Election 2011: Riggers, 'Big brother' hippies are watching you

    Nigeria Hippy girls serving as big brother wikileakers to stamp out rigging in the election Shyamantha AsokanHip young Nigerians are using Twitter and other social media with their smartphones to make their elections honest and transparent. Here a Nigerian fashion models take photos of each other with a cell phone. (Uriel Sinai/Getty Images)

    Armed with Blackberries and Twitter feeds, a growing group of hip young Nigerians are gearing up to stamp out fraud at this weekend’s presidential elections.


    They hope social media can take on the violence and rigging that has blighted polls in Africa’s most populous country in recent years.

    Gbenga Sesan, a 33-year-old IT consultant and activist, is one of the leaders of such efforts. His team has designed a smartphone application called Revoda, which allows voters to instantly upload reports of delayed voting materials and intimidating gangs at their local polling stations to Sesan’s database. A daily summary is then sent to Nigerian officials and Western election observers, as well as being posted on Revoda’s website.

    “This allows us to follow the process — people can capture not only results but also details of the day … and then they can put them out there quickly,” Sesan said of the impact of new technology.

    During Nigeria’s parliamentary polls last Saturday, which kicked off three weeks of elections for local and national positions, he was busy uploading photos and videos from polling stations to Facebook and YouTube.

    “We’ve got one [Blackberry] video of a policeman who was evidently drunk and intimidating people,” Sesan said. “If anyone wants to go to court they have a lot of evidence.”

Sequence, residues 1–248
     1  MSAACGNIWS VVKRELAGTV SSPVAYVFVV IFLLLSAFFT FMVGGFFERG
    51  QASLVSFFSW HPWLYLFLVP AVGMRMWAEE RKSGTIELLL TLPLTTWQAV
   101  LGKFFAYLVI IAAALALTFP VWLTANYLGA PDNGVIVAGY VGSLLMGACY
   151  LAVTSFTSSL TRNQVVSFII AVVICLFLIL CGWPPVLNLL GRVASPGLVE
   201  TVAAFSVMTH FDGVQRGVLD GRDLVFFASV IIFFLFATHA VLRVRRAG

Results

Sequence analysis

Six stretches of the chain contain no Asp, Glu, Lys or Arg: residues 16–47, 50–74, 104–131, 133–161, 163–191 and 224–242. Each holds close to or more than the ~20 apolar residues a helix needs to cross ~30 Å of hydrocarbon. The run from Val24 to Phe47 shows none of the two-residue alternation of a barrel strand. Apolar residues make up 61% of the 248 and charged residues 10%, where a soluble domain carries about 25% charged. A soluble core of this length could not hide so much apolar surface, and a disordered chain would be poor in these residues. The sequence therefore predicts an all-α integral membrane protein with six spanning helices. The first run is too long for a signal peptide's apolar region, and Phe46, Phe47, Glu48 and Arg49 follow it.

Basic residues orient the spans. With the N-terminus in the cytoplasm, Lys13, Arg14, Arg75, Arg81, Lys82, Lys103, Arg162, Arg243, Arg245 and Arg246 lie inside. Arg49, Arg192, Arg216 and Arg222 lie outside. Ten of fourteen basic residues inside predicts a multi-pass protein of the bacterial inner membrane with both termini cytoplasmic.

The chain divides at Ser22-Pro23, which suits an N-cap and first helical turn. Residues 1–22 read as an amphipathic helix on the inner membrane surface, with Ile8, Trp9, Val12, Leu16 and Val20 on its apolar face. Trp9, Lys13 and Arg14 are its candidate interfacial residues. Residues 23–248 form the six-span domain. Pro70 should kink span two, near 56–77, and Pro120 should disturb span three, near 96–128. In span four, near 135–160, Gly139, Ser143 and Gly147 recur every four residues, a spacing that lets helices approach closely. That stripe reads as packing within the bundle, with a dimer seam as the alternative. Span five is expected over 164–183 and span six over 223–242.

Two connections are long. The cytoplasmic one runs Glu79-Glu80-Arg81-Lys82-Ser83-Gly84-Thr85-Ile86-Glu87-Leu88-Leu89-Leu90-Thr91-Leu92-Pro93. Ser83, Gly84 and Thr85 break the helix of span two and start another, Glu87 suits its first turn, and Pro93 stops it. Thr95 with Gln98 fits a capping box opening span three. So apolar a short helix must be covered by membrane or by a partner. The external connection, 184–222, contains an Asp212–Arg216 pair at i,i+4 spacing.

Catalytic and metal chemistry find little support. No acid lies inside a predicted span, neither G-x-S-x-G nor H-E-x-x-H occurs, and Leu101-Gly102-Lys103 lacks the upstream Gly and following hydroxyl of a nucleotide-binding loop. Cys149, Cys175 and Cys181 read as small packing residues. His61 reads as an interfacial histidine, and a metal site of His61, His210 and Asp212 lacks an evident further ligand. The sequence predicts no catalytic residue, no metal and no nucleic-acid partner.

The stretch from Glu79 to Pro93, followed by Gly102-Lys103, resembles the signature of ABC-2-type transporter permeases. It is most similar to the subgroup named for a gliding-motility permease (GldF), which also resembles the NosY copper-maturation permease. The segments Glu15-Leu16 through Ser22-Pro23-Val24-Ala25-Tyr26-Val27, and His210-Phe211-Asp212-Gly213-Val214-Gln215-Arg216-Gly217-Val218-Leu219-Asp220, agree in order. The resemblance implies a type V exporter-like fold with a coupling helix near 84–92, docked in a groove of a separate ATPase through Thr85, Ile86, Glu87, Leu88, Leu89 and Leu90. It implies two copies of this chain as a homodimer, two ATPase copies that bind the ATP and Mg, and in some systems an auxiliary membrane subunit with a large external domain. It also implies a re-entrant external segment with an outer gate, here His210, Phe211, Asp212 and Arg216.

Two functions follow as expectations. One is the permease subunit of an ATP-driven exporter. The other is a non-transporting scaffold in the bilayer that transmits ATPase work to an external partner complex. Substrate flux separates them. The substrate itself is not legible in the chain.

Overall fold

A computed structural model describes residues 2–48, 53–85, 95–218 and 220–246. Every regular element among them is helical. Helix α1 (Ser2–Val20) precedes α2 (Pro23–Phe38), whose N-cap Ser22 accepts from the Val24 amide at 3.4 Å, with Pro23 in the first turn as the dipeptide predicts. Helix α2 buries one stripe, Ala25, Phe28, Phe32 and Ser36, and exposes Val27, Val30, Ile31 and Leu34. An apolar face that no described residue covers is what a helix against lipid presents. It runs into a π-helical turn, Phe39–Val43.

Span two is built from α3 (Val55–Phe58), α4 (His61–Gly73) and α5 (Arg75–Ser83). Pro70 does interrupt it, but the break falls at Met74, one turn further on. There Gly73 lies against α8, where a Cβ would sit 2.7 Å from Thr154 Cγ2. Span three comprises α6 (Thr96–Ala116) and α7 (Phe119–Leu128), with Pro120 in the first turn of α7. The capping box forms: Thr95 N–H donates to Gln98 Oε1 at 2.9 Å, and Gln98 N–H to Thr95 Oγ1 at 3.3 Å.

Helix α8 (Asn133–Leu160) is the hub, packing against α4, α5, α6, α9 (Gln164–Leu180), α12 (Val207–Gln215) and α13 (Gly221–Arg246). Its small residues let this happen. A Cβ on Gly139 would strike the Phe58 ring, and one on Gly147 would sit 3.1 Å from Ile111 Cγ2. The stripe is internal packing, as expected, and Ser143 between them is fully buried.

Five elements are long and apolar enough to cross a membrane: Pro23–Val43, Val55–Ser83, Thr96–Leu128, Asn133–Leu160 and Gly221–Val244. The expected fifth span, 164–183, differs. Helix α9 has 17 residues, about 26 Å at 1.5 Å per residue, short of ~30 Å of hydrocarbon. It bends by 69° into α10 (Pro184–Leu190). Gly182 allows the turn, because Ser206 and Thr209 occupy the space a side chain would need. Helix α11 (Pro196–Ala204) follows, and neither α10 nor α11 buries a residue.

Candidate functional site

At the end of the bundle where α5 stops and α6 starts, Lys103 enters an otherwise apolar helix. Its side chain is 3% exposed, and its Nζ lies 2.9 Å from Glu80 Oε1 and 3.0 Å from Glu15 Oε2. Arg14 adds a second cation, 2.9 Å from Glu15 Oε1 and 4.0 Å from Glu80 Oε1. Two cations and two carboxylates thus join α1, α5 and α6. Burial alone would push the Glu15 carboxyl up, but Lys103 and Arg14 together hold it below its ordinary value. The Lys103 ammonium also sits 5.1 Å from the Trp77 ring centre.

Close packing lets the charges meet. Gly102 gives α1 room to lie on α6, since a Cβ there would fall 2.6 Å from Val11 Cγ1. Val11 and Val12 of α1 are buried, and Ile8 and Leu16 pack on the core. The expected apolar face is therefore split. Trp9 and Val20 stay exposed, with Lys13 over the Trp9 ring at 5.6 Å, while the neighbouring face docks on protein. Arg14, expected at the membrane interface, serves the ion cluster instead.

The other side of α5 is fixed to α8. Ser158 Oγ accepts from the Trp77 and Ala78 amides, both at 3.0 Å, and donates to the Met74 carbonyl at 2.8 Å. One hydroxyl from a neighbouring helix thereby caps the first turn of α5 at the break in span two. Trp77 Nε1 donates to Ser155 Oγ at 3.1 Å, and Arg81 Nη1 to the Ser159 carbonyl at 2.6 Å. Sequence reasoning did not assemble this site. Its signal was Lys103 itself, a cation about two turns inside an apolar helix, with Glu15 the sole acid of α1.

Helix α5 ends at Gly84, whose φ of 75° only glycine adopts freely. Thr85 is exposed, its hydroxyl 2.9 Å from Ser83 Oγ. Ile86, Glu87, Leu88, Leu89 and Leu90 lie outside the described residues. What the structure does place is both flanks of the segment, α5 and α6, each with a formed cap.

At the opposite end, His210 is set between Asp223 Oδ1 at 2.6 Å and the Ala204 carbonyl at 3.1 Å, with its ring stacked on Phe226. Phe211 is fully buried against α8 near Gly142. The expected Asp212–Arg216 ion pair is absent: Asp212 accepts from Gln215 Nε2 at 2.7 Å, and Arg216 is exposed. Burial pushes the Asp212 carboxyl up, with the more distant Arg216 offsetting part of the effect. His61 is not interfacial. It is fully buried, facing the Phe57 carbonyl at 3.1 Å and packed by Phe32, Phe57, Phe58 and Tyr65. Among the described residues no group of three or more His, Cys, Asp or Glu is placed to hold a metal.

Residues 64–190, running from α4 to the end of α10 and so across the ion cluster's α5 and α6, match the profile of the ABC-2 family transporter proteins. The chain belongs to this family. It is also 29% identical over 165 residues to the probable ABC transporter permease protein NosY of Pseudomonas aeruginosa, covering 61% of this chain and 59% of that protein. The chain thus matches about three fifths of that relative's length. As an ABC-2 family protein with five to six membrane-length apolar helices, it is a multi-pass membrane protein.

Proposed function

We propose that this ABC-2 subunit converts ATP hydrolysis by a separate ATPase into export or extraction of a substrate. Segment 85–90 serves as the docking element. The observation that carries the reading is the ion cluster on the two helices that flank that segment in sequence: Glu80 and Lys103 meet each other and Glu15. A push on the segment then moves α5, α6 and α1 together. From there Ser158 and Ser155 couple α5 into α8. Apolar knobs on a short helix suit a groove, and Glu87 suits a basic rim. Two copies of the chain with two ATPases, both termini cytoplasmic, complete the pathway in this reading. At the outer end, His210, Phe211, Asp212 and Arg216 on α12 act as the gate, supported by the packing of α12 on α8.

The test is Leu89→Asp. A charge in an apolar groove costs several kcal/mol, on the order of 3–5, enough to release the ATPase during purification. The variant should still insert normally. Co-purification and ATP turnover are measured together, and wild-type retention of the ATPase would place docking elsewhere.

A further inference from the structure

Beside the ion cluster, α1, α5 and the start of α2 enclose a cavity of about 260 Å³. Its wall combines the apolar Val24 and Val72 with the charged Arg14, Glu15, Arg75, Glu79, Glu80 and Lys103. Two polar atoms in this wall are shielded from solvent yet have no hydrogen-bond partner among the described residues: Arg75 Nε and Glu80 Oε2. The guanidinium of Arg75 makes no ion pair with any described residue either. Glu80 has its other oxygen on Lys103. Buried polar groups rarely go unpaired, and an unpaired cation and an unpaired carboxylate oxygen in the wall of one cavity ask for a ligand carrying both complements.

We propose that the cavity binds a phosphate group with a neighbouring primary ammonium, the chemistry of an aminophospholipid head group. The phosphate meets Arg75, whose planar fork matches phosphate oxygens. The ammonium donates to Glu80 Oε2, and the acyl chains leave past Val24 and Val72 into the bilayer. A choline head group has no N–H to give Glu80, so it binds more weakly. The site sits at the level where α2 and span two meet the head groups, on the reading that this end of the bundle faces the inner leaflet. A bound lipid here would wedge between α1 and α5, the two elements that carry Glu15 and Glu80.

Another venture, Reclaim Naija, uses text messaging and email reports to compile a live online map of troublespots. And then there are the so-called “Twitter activists.” They look out for rigging, spread warnings about bombs at polling stations and generally express distaste with the political elite — in less than 140 characters, of course.

    “Twitter is quick and dirty. It forces you to be concise,” said Amara Nwankpa, another IT consultant turned activist, who has more than 5,000 followers on Twitter. “Most young people have short attention spans so [this] grabs them.”

    When a bomb exploded at an election commission office in northern Nigeria last week, the Twitterati played an important role in spreading the word, Nwankpa said. When an election observer suspected that ballot boxes were being tampered within an eastern state, she raised the alarm via this medium.

    Help help to push Nigeria forward , no election fraud.

    “When you bring attention to things, it gets harder to rig,” Nwankpa concluded.


    During 50 years of independence, Nigeria has lurched between military coups and flawed elections. Political office is often seen as a route to self-enrichment in Africa’s largest oil and gas producer, whose abundant natural resources mostly benefit a tiny elite while over 80 percent of Nigeria’s 150 million people live on less than $2 a day.

    Yet there are strong hopes that this month’s polls will be the most credible since the end of army rule in 1999. One reason is the appointment of Attahiru Jega, a respected academic, as the head of the electoral commission, which is usually complicit in rigging. Another is the growing use of social media and a growing desire for proper elections among voters themselves.

    Things do seem to be getting better. Last weekend’s parliamentary elections were widely held to be an improvement from previous years. These polls also gave the election commission and social media activists a chance to try out their anti-fraud measures before the looming presidential vote, in which tensions will run far higher.